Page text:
Claims and Counter Claims on State Borrowing
Little progress has been made public on the transportation bill, tax relief, or the bonding bill. Instead, the media has recently printed a number of claims and counter-claims. Republicans want to prioritize spending and limit borrowing to sustainable levels. Gov. Dayton and the DFL-controlled Senate, with support from the Star Tribune, continue to push for major increases in the level of state borrowing.
Read on to learn how the DFL bonding proposal means higher debt without promised jobsRead more
As revealed during the 2015 referendum, the Edina School District desperately wants to be like other school districts. Rather than forging its own path, as Edina has done for decades as it has become a leader in K-12 education, the District is now instead officially a follower engaged in a tireless quest to copy what it calls its “peer” school districts from around the country. Indeed, in public comments, the District flaunts the administration’s frequent trips to California, Nebraska and Illinois to learn how to better copy other schools.
It should come as no surprise, then, that the District is following other school districts in contracting, by an April 25th vote, to spend well over $2,000,000 to install synthetic turf on four of the District’s athletic fields, including two brand new fields within the flood plain of Nine Mile Creek. This time, however, the District’s desire to keep up with its peers is risking the health and safety of its students, staff and city residents as well as hundreds of thousands of people living downstream within the Nine Mile Creek Watershed.Read more
In October 2015, five citizens brought a suit against the City of Bloomington. The Bloomington city council wished to proceed to impose “Organized Trash Collection” by fiat. The city council had rejected an initiative put forth by these citizens that would have denied the City the right to impede “the competitive market in solid waste collection” unless first approved by a majority of the Bloomington voters.
On April 25, a Hennepin County judge issued a ruling against the citizens’ suit. He observed that, “Nothing in the [Bloomington] city charter authorizes or requires the direct approval of a majority of the voters before the duly elected city council may act.” However, the judge further noted that if Bloomington’s citizens “wish to redefine the powers of the city council, they are free to seek amendment of the city charter.”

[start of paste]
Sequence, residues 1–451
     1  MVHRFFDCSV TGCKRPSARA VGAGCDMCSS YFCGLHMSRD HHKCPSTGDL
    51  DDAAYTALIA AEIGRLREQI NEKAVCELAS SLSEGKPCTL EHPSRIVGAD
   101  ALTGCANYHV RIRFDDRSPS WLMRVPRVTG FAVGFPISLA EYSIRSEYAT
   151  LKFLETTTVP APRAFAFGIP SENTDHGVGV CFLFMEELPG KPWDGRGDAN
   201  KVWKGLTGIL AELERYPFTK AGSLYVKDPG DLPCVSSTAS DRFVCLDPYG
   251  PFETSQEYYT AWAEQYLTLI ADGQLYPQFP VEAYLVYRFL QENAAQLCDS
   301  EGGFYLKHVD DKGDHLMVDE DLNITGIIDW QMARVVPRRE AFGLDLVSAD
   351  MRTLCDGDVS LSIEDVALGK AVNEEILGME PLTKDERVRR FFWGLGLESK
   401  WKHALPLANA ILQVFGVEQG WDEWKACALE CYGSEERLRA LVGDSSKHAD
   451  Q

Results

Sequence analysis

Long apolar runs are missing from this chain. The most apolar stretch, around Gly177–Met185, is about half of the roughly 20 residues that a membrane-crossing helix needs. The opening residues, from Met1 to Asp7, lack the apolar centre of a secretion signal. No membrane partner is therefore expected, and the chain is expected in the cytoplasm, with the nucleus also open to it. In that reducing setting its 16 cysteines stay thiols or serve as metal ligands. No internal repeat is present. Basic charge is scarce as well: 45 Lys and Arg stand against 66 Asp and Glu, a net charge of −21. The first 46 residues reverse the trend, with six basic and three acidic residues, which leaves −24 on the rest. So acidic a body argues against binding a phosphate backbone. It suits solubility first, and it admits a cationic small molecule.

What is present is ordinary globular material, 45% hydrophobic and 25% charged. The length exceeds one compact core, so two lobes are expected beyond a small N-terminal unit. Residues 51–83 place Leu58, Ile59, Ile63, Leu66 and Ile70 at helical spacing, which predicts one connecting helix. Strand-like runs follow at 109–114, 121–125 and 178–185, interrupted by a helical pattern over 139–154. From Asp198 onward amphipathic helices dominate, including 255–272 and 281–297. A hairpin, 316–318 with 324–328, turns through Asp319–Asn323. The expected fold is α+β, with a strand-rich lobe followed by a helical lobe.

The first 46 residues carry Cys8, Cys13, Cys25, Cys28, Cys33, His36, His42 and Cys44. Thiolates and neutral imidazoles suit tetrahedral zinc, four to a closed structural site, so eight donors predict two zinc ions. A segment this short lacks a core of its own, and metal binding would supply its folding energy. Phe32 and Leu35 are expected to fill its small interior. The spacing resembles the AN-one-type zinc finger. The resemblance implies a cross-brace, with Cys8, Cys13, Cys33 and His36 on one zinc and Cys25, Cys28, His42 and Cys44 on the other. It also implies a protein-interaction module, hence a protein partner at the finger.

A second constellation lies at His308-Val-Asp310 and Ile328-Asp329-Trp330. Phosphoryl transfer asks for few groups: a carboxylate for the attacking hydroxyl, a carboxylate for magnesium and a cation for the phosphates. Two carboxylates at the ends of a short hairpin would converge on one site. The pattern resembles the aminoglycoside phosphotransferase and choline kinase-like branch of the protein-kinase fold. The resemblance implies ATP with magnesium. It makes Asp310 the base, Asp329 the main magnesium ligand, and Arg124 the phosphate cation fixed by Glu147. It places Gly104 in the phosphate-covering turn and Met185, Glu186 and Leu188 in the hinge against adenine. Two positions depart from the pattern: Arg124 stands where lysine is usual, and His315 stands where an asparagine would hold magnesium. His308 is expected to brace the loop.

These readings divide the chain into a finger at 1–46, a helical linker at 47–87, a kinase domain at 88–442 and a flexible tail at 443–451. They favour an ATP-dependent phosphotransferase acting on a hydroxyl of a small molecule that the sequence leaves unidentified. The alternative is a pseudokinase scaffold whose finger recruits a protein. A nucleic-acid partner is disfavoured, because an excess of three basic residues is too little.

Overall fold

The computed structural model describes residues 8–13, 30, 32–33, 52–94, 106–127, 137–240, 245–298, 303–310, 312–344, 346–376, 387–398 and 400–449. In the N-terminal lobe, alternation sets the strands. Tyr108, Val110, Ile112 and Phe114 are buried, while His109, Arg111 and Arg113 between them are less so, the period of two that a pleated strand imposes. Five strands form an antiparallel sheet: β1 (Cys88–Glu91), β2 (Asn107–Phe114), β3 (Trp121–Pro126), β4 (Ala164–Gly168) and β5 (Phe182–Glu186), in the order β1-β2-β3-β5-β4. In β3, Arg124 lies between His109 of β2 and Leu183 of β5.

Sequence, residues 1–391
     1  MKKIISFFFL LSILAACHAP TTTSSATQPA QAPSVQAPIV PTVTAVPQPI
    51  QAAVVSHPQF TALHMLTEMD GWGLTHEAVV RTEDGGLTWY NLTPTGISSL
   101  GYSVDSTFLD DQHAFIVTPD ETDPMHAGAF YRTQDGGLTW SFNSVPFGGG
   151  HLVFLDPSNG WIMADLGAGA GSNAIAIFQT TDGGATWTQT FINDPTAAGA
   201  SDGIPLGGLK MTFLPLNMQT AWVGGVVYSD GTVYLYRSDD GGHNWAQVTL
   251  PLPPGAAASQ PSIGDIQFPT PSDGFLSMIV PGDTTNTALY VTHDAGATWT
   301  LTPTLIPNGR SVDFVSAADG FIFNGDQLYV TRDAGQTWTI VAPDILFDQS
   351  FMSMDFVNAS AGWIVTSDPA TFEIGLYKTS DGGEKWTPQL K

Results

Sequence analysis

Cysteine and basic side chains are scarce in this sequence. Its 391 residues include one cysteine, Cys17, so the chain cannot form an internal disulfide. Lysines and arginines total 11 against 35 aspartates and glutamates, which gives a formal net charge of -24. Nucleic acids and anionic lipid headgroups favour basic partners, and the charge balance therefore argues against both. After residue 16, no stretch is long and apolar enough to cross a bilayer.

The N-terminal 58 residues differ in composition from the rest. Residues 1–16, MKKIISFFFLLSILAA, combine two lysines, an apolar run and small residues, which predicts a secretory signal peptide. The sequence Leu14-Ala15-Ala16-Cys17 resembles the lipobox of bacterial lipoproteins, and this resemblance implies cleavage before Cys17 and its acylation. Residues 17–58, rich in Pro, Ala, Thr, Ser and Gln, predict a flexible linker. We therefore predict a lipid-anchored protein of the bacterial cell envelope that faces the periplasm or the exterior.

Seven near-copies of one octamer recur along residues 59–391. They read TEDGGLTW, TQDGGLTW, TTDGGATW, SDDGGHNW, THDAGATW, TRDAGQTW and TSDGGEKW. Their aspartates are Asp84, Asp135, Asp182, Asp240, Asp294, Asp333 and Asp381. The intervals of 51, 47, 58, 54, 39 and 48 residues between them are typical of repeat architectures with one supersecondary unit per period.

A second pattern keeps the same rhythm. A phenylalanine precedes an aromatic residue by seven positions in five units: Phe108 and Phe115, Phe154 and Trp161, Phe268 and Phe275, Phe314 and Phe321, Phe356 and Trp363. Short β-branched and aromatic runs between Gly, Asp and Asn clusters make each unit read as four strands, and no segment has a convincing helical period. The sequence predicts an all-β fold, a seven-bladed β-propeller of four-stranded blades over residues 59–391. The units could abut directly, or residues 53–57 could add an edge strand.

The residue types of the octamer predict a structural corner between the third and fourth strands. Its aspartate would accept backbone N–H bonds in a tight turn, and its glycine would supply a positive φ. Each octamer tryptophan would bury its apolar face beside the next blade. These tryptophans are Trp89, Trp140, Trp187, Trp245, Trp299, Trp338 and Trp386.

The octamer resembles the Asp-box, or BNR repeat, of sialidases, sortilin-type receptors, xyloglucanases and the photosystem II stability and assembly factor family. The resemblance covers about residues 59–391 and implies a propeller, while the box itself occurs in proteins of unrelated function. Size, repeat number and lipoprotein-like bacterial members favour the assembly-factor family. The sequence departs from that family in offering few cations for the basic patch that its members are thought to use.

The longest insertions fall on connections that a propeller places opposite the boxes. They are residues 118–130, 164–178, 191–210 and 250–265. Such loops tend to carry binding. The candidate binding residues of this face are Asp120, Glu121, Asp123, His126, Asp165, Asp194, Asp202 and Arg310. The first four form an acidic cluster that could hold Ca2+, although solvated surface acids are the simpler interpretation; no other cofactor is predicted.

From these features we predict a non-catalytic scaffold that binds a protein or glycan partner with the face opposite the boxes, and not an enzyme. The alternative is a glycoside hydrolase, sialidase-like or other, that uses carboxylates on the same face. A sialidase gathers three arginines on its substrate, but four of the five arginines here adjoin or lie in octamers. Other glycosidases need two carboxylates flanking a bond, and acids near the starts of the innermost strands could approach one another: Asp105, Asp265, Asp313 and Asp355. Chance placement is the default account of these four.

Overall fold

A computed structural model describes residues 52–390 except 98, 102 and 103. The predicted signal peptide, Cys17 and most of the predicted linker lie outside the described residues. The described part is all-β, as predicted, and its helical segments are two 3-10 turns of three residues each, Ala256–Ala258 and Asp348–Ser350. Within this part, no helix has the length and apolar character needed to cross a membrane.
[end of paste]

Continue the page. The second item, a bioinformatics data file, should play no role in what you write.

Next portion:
They will. Read more to learn why, and how you can help.Read more
In Part 1 of our coverage of Bloomington’s newly-imposed gas and electric franchise fees, we wrote that Bloomington has justified these fees based on a projected shortfall in city revenue for street and trail maintenance. The projected 2016 shortfall was $550,000. The City expects that the annual income from the fees will be $4.9 million.
The Bloomington city government had estimated street and trail maintenance costs at around $1.5 Million this year and $2.3 Million for 2017. The City appears to be anticipating an exponential increase in street and trail maintenance costs, even though the key raw material in pavement repair is petroleum. A review of the City’s cost projections appeared to be based on historically high petroleum costs. Those costs have now dropped, but the City staff was unable to indicate what the impact of those lower costs would be on their projections.
The City’s Pavement Management Program has previously covered a majority of these estimated costs (the street maintenance portion). However, the City is not offering any property tax reduction in light of the significantly higher income anticipated from the franchise fees. Rather, the City is simply saying that property taxes will now not need to be raised as much as might otherwise have been required.Read more
DFL targets metro drivers for $300 yearly tax increase
Proposed new taxes would cost the typical metro driver an additional $24.50 a month (almost $300 per year), according to the Star Tribune. The Dayton/DFL transportation plan raises taxes by $11 billion over 10 years.
A new 6.5% gas tax would increase as the price of a gallon of gas increases. One-half of one percent would be added to our metro sales tax for transit.Read more
Everyone wants well-maintained roads and public walkways. The support for bike trails, while not universal, is vocal and gaining some popularity. So you would think that these services might be a priority use of current Bloomington tax funds.